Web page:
Brexit and Donald Trump’s commonality

Brexit and Donald Trump's commonality

Cancel Trump’s State Visit: A British Perspective

Trump’s State Visit

In the wake of Donald Trump’s election as President of the United States, comparisons were drawn between his victory and the UK’s decision to leave the European Union, with him even calling himself “Mr Brexit” during his campaign. While there are certainly shared themes of populism and anti-establishment sentiment, it is important to recognize the unique complexities of each situation. However, a successful British petition has emerged that showcases the significant affinities between the two events.

Launched on January 29th, the petition urges the British government to cancel President Trump’s planned summer state visit to the UK. State visits are considered an honor, granted to very few leaders and involve a stay with the monarch. The petition argues that the visit would be an embarrassment to Queen Elizabeth II. Surpassing 1.4 million signatories and still climbing, this petition has far exceeded the required 100,000 signatures necessary to prompt a debate on the issue in Parliament. Despite the growing opposition, the British government has stood firm in its decision to proceed with the visit.

Signature Turnout

The enthusiasm for the petition against Trump’s state visit is not uniform across the country. The Economist has analyzed the geographical distribution of petition signatories in relation to support for the “Remain” campaign in the EU referendum. The findings reveal a striking correlation between the two sets of figures. Proportions of signatories are highest in cosmopolitan cities such as Brighton, Bristol, and Cambridge, all of which have large populations of university-educated, white-collar residents who were predominantly in favor of remaining in the EU. Conversely, signatories are markedly lower in older, post-industrial areas that strongly supported Brexit, such as Wolverhampton, Redcar, and Doncaster.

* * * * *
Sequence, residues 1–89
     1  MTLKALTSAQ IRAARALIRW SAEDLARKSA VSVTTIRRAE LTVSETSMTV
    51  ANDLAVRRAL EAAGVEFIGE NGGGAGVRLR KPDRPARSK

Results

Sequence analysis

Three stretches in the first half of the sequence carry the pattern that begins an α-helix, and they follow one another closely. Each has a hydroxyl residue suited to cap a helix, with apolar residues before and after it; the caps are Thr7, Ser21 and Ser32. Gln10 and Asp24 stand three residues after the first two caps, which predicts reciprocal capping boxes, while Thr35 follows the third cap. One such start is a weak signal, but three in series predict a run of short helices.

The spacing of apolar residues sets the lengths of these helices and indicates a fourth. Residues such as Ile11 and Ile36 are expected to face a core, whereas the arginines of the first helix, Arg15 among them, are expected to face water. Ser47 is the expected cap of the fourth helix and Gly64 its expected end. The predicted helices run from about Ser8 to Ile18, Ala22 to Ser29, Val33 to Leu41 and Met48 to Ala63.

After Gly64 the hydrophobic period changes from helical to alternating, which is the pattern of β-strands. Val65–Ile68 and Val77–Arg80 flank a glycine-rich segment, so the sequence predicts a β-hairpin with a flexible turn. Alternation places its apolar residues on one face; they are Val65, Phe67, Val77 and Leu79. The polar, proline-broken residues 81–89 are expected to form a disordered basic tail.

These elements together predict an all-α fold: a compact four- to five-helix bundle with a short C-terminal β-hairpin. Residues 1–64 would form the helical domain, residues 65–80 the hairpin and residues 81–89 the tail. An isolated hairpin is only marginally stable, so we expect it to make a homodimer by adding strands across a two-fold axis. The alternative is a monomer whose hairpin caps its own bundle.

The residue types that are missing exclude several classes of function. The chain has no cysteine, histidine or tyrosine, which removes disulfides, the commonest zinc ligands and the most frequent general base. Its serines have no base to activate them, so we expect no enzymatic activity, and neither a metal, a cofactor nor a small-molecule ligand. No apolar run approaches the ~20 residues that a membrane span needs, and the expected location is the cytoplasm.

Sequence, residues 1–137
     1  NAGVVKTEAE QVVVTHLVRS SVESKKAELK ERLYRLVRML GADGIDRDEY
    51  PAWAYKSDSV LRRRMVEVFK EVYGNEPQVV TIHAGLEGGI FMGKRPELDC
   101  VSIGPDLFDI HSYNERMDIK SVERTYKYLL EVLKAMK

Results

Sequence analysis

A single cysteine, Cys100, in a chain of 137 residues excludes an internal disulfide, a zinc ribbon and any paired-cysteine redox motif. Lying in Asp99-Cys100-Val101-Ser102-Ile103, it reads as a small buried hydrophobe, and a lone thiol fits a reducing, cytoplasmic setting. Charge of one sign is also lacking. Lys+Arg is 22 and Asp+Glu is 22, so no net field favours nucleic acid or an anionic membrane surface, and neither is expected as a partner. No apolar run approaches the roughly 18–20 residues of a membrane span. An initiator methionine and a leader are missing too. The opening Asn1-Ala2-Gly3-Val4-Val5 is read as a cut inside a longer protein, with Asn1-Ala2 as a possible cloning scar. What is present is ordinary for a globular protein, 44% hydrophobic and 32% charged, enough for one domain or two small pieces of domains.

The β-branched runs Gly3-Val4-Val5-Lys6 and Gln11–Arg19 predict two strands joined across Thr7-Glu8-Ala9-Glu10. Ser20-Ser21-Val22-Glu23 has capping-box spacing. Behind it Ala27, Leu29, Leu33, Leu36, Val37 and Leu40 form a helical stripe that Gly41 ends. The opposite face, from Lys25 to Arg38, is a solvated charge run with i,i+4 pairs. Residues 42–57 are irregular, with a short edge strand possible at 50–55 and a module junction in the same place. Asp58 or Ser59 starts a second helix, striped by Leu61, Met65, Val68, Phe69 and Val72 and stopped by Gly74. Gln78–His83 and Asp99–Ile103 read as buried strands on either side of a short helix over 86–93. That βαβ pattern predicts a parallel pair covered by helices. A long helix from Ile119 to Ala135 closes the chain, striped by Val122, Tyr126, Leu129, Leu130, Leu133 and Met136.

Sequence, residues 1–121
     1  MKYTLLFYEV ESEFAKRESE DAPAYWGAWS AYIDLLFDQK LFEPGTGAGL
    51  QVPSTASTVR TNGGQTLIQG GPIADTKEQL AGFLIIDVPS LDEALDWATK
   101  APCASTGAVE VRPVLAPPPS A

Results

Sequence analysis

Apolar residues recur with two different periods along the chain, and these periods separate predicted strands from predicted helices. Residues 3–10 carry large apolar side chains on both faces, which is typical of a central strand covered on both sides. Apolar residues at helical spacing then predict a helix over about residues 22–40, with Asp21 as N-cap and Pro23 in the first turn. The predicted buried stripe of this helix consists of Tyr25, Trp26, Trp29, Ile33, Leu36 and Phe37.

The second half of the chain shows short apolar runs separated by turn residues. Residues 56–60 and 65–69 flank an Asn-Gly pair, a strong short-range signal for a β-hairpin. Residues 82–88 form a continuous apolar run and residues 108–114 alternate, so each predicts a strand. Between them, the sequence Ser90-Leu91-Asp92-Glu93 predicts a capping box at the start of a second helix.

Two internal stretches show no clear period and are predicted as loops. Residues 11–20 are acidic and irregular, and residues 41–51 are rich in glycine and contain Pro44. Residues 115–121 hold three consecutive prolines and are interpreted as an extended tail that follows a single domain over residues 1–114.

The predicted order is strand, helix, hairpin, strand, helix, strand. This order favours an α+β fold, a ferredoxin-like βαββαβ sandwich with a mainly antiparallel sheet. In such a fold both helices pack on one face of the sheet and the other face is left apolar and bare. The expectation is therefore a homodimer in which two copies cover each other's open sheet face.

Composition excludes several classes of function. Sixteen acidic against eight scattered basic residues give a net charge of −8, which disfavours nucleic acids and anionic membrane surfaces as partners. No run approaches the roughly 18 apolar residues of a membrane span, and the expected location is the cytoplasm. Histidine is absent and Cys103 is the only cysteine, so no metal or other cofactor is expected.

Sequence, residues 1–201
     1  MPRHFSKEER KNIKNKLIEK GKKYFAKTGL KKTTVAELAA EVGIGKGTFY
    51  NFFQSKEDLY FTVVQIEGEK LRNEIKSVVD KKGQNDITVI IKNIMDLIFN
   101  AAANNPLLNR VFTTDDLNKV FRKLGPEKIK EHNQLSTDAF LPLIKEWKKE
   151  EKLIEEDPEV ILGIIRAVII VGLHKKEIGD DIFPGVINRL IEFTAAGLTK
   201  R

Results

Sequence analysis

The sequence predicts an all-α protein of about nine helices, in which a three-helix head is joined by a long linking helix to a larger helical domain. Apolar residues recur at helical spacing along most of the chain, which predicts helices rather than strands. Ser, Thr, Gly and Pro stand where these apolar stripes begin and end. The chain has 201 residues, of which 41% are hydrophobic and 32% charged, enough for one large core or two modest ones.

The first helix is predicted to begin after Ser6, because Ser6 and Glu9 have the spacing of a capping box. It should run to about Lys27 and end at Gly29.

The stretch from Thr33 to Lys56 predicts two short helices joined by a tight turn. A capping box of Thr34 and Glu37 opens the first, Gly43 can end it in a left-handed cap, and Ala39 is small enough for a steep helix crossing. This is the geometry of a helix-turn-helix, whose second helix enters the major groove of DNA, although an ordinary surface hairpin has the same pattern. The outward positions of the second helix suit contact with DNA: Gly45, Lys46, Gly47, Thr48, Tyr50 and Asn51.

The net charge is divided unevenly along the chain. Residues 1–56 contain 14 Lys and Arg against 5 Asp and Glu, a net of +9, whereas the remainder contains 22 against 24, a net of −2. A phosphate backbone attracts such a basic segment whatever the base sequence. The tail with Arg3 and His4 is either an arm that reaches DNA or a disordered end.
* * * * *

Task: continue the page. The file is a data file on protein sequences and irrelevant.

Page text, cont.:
These correlations provide valuable insights into the current political landscape. Firstly, the opposition to Trump seen in the United States may be mirrored in other countries as well. Secondly, the demographic makeup of Trump’s support and support for Brexit reveals shared characteristics between the two movements, particularly in their “pull up the drawbridge” mentality. Thirdly, the divide seen in the Brexit referendum was not a one-off event; there remains a clear distinction in the political behavior between cosmopolitan and nativist regions. Lastly, there is a considerable number of British individuals, many of whom reside in or near the capital, who may be inclined to protest and cause disruption when President Trump visits London. It is safe to say that he should not expect a warm welcome.

In conclusion, while caution should be exercised in drawing direct parallels between Trump’s victory and Brexit, there are undoubtedly shared themes and sentiments that have resonated with the British public. The overwhelming support for the petition to cancel Trump’s state visit reflects the differences in opinion across the country and highlights the ongoing political divide between cosmopolitan areas and post-industrial regions. Trump’s visit to London will likely be met with protests and resistance, and it remains to be seen how the government will respond to the concerns raised by the petition and the wider public sentiment.